The Virginia Range and Calico mustangs might have vanished if a Nevada rancher named Velma Bronn Johnson hadn't been driving to her day job as a secretary along the road which would become Highway 50. Late for work, she was stuck behind a slow-moving truck and suddenly realized it was packed with bloody mustangs.
Velma fought to end the cruel money-for-meat roundups. First, she tried plain-talking, but the horse hunters laughed at her. She persisted and the mockery turned nasty. She earned the nickname "Wild Horse Annie" not for her advocacy, but for a facial disfigurement caused by childhood polio treatment.
Men -- some locals, but many strangers -- held power over the range and its resources. Government, miners and livestock ranchers supported the "harvest" of wild horses. Velma recognized she was at a disadvantage, saying, "A woman fighting a man's battle in a man's world…has three strikes against her to begin with."
So, she turned to children, reminding them and their voting parents that the wild horses and public lands were treasures that belonged not just to men who'd profit from them, but to all Americans.
When Velma died in 1977, she'd stood firm and won many battles for wild horses, but new political pressure and legal strategies mean todays wild horse advocates are fighting many of the same battles she "won."
image by Richie Asencio
1. There are no natural predators to control the population.
Wild horses still have natural predators, but the
U.S Department of Agriculture's Wildlife Services works hard
to change that. Read more
Click here to download the "Wild Horse Myths" handout PDF.
ANNOUNCING MustangMedia 101 by Terri Farley: Whose Home on the Range?
Forward this to those who care or need to be educated about wild horses:
Wild horses can't speak their own stories. Once, that didn't matter, but now wild horses suffer and die at human
hands. We take their food, water and homes. A few people want wild horses taken off public lands so corporations can earn money from the land's minerals, oil and grazing. But most people love wildlife and wild places. They're learning to stand up for wildlife because the Western public lands belong to all Americans!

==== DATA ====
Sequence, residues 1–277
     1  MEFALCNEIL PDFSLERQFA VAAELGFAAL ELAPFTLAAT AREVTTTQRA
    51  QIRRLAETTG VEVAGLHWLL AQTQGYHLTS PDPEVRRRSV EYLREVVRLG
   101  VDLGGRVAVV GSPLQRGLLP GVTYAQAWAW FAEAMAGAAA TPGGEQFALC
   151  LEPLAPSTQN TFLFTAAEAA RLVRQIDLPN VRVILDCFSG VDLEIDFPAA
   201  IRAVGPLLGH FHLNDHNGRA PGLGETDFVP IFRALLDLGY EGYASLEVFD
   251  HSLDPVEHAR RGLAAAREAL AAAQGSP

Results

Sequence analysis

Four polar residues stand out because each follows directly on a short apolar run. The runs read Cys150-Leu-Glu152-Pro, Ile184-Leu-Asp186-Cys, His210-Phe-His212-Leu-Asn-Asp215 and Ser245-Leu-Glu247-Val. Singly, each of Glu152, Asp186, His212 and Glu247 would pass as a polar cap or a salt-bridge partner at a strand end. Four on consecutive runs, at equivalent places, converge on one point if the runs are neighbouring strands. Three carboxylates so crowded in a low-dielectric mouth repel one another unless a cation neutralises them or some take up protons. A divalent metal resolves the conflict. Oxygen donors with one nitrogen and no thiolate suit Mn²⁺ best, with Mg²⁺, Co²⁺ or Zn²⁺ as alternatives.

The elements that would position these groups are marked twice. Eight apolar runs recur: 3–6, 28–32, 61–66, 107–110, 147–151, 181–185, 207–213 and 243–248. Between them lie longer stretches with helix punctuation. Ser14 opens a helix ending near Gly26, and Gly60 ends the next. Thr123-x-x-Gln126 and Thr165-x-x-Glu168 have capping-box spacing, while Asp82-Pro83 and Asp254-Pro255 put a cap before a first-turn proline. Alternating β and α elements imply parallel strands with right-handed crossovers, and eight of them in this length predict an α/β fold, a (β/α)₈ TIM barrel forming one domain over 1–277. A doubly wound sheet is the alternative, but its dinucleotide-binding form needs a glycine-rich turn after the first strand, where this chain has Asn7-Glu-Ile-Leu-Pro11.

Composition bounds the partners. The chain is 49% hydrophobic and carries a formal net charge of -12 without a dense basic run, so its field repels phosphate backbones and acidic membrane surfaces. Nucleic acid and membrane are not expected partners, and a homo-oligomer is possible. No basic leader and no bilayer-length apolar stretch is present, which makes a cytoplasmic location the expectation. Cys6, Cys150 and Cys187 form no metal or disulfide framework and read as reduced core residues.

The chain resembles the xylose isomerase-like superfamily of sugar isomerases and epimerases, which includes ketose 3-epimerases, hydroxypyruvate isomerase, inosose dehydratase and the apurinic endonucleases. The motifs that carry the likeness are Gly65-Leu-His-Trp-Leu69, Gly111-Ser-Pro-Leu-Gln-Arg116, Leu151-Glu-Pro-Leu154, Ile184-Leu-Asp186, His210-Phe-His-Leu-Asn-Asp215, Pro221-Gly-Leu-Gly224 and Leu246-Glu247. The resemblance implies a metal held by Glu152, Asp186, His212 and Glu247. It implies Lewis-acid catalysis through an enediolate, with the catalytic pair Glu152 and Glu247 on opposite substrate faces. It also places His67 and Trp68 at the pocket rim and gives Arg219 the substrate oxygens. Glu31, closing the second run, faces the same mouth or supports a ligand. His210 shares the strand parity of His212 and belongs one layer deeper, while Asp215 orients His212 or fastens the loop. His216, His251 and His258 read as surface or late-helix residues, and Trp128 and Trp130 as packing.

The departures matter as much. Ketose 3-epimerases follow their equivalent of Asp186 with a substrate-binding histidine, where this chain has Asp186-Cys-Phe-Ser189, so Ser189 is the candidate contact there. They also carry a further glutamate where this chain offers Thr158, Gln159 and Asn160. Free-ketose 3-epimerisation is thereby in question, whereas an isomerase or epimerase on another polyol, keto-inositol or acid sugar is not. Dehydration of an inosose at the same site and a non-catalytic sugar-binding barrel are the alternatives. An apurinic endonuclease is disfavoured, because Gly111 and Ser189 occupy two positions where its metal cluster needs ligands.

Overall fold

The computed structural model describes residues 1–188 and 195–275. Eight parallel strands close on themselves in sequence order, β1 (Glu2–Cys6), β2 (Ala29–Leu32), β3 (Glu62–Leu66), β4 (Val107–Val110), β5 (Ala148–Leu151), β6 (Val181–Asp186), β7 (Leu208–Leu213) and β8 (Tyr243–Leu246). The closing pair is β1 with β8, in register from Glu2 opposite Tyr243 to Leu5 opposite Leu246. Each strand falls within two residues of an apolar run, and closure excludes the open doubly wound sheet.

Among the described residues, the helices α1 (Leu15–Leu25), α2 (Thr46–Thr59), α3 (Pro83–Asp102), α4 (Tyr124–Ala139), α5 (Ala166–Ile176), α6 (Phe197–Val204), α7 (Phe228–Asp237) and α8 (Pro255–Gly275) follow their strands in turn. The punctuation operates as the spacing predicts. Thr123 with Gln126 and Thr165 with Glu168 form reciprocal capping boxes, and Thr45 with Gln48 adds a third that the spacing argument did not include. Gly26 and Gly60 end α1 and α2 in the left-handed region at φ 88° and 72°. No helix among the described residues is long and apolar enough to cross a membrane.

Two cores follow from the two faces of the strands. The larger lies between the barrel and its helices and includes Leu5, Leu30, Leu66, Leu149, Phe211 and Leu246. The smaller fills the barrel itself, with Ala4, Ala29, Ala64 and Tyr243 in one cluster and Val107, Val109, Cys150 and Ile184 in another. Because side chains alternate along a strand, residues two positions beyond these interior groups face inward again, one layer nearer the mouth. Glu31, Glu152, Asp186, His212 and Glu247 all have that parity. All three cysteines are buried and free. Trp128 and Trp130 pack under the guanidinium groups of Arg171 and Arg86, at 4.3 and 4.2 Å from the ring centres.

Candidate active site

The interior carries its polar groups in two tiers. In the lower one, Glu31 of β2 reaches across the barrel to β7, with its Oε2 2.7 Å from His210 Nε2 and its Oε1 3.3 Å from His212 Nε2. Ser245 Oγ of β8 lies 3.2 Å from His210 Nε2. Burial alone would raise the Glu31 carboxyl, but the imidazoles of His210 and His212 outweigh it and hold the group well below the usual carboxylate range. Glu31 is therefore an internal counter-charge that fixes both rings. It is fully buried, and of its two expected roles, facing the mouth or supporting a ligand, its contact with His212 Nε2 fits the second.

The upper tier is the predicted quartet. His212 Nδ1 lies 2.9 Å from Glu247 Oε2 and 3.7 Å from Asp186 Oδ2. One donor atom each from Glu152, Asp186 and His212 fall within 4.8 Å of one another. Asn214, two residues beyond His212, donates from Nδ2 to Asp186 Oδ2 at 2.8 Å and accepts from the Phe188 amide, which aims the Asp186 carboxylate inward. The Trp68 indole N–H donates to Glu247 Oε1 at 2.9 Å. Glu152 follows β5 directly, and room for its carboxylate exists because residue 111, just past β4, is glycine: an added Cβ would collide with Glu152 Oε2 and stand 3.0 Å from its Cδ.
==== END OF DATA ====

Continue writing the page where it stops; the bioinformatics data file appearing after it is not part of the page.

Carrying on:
Our hearts lift at their rough power and beauty.
Knowing mustangs inspires me to tell their stories as well as I can, before they're extinct.
MustangMedia 101 by Terri Farley is my attempt to explain modern challenges facing wild horses.
Terri talks to you while she's watching captive wild horses:
KNOW THE FACTS
You'll feel comfortable telling people what's happening to wild horses if
you know what you're talking about.
Check out these websites for news, statistics and resources. If you are working on a wild horse report, these
are good sites to visit.
Websites can't cover every single news story about wild horses, but you can create a
Google alert for wild horses. Here's how.
Pay attention to these alerts to see where your voice is needed before the damage is done to your mustangs!
FOUR FILL-IN-THE-BLANK STEPS TO MAKE A LETTER-IN-WAITING
When you see an opportunity to comment about wild horses online or in person,
do it! For short Facebook or Twitter comments, use only Step One. For letters to
editors, blogs, letters to government representatives, use all 4 steps.
STEP ONE: Make a statement and use BECAUSE to back it up.
"Wild horses deserve freedom because laws have given them the right to roam public lands."
"Wild horses belong to all Americans and, because most American don't believe in eating
horsemeat, mustangs shouldn't go to slaughter."
• Describe your personal connection to the issue in 2 - 3 sentences.
• Give 3 facts about the issue -- 1 - 3 sentences
• WHAT ACTION do you want people to take? - 1 sentence
That's it! In 3 - 6 sentences, you will have explained why you want to live in a world
with wild horses.
You can keep that short document as a letter-in-waiting, but whatever you do -- put your
opinion out there!
You don't have to be brave or brilliant; you just have to speak up for those who can't speak for themselves.